“SVSU theatre puts their name on the play, but essentially, the department doesn't really touch the show,” Green said of his opportunity. “They are trusting the students to put on a quality production. Having full agency over your own show as a student is very rare, especially for a university of our size.”
Wedge said Green's vision for “The Goat, or Who Is Sylvia?” is a strong interpretation of its source material written by the playwright known for modern theatrical classics such as “Who's Afraid of Virginia Woolf?”
“It's about society's shifting views on love and sex, and how those ideas mix with what is acceptable within culture and society,” Wedge said.
The black comedy follows a white-picket family with a marriage that falls apart when a man in that family falls in love with a goat.
“There's quite a bit of profanity in the show,” Wedge warned, “but there's quite a bit of profanity in life too. It's a really well-written play.”
Aubree Harrell, a communication and theatre major from Essexville who plays the wife of the man who falls in love with the goat, said the bizarre situations that unfold in the play hold a deeper meaning.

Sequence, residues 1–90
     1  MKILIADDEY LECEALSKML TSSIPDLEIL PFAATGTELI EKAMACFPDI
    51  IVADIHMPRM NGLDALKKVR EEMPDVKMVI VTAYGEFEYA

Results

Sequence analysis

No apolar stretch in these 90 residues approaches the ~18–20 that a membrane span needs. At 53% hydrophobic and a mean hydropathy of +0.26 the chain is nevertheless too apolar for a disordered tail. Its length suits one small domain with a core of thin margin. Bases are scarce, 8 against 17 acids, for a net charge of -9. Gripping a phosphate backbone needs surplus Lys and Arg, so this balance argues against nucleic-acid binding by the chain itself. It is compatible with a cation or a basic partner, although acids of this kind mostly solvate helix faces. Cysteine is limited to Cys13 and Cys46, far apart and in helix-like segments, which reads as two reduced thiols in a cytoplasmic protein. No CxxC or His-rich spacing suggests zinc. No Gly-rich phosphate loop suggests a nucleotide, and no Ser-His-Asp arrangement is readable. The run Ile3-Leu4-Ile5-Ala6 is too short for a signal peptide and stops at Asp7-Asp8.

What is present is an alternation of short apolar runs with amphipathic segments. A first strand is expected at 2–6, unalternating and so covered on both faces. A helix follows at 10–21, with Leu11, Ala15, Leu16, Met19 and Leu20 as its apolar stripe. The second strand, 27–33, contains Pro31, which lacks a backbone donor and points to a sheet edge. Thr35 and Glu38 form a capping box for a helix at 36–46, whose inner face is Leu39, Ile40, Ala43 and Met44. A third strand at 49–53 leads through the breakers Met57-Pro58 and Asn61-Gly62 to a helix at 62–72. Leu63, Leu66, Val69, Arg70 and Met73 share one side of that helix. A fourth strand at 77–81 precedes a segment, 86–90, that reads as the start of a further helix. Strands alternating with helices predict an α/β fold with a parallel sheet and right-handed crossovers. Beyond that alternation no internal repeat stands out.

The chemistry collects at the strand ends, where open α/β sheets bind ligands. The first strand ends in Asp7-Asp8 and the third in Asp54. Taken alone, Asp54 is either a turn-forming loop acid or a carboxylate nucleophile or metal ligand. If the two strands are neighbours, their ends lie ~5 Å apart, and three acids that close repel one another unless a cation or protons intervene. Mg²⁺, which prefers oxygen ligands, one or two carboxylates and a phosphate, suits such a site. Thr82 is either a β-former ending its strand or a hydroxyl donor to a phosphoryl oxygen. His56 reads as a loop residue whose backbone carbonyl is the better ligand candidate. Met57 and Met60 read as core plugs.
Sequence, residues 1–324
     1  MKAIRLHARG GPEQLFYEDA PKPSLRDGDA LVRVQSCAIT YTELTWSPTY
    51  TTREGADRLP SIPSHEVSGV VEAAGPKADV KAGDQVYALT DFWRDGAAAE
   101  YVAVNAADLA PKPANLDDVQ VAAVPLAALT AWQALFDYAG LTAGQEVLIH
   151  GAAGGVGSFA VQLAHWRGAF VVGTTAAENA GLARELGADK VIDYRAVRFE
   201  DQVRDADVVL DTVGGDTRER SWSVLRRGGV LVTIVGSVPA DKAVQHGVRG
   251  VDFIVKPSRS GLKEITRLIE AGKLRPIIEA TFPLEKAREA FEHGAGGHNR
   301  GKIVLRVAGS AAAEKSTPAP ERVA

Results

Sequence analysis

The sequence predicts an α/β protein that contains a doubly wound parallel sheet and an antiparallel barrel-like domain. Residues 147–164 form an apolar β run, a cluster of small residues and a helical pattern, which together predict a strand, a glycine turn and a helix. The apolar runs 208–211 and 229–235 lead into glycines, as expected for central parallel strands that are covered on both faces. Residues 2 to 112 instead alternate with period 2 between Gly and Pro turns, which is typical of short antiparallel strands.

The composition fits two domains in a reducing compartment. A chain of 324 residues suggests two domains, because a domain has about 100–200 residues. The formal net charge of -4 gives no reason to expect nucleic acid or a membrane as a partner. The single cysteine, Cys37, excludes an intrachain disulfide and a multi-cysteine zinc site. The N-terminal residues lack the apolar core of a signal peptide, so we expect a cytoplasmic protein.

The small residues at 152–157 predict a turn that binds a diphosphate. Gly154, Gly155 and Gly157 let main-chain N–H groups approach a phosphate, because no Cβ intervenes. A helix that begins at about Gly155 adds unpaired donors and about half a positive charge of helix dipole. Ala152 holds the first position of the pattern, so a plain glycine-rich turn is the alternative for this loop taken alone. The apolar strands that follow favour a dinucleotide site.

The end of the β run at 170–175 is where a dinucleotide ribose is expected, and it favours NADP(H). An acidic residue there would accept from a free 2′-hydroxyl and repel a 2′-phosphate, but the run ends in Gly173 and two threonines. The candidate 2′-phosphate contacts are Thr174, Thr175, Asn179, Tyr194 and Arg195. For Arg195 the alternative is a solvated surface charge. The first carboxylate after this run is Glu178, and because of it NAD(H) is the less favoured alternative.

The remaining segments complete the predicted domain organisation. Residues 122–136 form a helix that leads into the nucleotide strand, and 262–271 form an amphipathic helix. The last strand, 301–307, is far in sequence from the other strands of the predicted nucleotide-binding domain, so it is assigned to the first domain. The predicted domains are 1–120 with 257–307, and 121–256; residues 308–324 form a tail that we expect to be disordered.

“We all can relate to this story in some way,” she said. “It may seem like an outrageous scenario, but if we take out maybe one element, we can see ourselves in this play.”
Tickets can be purchased online or at the SVSU Box Office.
Seven members of the Saginaw Valley State University community are among 17 women the YWCA Great Lakes Bay Region will honor today for their leadership and contributions to social causes across the area.
The 2019 YWCA Women of Achievement Awards ceremony is scheduled Wednesday, March 20, at 5 p.m. at Horizons Conference Center in Saginaw Township.